Standing abaft the mizzenmast on the sloping deck of the Endeavour replica, looking down Halifax Harbor toward the massive bulk of the moored aircraft carrier USS Franklin D. Roosevelt, brought the two miles and two centuries separating these two famous, high-tech vessels into clear perspective.
The original Endeavour was a research vessel and carried, as does the Roosevelt now, the very latest navigational equipment of its era. But there the similarity ends. In 1768 Lieutenant James Cook, RN, set out in Endeavour on a peaceful voyage of scientific study and exploration the likes of which the world had not yet seen. The scientists aboard observed the transit of Venus across the sun and catalogued more than 2,600 new species of plant life, and Cook calculated longitude using the newly refined method of lunar observations. The replica Endeavour was constructed in Fremantle, Australia, and closely follows the lines of the original barque, which means she is about as streamlined as my grandfather’s old cast-iron bathtub. The first Endeavour was, in reality, a converted Yorkshire coal carrier called The Earl of Pembroke. Cook chose this vessel design for a reason: he had served on a similar vessel in earlier days and knew she was a stable and sturdy craft capable of carrying the original crew of 90, the scientists and their equipment, and the considerable supplies required for a three-year voyage in relatively safe, if slow, transport.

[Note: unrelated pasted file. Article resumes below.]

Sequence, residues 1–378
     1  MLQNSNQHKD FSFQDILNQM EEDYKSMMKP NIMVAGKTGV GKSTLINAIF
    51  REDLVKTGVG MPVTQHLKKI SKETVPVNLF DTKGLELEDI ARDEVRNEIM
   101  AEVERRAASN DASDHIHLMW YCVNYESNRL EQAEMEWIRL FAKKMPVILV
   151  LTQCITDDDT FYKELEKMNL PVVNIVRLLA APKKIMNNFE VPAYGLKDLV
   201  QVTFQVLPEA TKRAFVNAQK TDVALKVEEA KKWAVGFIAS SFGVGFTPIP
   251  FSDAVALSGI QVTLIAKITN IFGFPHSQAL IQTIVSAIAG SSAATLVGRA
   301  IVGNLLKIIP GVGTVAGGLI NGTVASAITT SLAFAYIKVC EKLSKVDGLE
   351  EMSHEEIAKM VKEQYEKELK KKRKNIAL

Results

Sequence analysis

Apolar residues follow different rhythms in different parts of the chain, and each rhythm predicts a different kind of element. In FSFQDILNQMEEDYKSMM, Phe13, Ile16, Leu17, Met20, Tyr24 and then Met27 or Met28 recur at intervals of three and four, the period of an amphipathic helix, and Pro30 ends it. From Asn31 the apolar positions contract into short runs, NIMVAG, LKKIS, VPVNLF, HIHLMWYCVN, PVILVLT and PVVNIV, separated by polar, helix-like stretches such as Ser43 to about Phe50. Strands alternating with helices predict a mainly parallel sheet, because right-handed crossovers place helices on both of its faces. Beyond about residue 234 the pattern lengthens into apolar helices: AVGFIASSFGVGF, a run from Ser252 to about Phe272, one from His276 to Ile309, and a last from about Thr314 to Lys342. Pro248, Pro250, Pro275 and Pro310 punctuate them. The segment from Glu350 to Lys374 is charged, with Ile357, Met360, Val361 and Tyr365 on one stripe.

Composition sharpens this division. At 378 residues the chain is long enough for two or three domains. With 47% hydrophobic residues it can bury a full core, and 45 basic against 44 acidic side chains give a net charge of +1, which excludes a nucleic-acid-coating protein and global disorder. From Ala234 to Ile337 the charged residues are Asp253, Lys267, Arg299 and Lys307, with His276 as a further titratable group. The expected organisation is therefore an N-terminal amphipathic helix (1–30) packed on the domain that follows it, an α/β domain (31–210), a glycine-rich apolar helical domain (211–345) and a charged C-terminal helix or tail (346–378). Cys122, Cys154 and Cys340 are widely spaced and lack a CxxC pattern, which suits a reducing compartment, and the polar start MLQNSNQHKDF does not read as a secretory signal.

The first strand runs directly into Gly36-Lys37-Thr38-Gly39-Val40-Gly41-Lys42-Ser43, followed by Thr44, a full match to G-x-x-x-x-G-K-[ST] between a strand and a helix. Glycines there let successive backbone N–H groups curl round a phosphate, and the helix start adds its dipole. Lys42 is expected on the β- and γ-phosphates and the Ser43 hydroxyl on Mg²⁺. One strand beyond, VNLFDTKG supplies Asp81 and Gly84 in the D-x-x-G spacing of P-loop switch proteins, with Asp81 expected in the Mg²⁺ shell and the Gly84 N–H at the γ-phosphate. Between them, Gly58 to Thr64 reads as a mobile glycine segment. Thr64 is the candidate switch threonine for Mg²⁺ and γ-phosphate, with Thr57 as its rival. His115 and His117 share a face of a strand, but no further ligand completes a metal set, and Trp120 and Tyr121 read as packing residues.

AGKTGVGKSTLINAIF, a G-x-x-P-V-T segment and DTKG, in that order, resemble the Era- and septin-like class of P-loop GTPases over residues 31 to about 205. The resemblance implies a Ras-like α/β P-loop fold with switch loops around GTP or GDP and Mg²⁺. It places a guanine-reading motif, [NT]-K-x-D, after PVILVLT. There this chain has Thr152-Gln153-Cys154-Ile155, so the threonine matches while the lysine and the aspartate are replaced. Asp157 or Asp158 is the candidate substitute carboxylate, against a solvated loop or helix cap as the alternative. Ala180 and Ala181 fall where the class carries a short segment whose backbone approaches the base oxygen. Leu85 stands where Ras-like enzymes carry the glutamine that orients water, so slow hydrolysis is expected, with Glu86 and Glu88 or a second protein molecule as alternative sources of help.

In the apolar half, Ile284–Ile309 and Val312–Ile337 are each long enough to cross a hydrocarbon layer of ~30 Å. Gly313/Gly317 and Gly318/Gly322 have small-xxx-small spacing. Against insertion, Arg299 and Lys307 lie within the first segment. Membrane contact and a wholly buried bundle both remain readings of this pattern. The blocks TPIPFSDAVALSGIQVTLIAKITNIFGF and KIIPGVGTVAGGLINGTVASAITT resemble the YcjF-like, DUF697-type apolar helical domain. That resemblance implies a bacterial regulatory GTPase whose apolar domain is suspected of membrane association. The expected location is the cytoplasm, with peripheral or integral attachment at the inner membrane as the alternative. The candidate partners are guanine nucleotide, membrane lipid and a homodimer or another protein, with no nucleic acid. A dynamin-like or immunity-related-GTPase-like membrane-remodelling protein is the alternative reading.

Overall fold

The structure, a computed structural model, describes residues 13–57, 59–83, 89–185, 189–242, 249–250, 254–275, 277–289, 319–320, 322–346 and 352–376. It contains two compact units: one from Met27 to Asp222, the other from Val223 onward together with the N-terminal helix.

There are a few concessions to crew comfort. Air ventilation is greatly improved over the original, and the 50-plus crew definitely eat better than those who voyaged with Cook more than 200 years ago. Water quality is also of a much higher order, with none of the interesting flora and fauna normally incubated by the old-style water casks of the past. But the crew sleep, as did their predecessors, in the traditional Royal Navy-style hammocks (I “Endeavoured” to get my six-foot, 250-pound frame into one and failed miserably).
Most of the woods used in the construction were, of necessity, native Australian, with the exception of Douglas fir timber donated by the Canadian Government and used for masts, spars, and decking. This timber had been in storage since the World War II so it was well seasoned. An Australian hardwood called jarrah replaced the original English elm and oak. Traditional iron fittings are employed, but these have been zinc plated to improve durability.
Sails have been fashioned from Duradon, a non-organic canvas that looks and feels like the flax originals. But all the standing rigging is made of manila hemp in the traditional way, and to the original RN standards of 1768.
Endeavour departed Halifax for Bermuda on October 22 and will stop at Tortola, Barbados, transit the Panama Canal, and visit the Galapagos, Acapulco, and Cabo San Lucas before arriving in San Diego in February.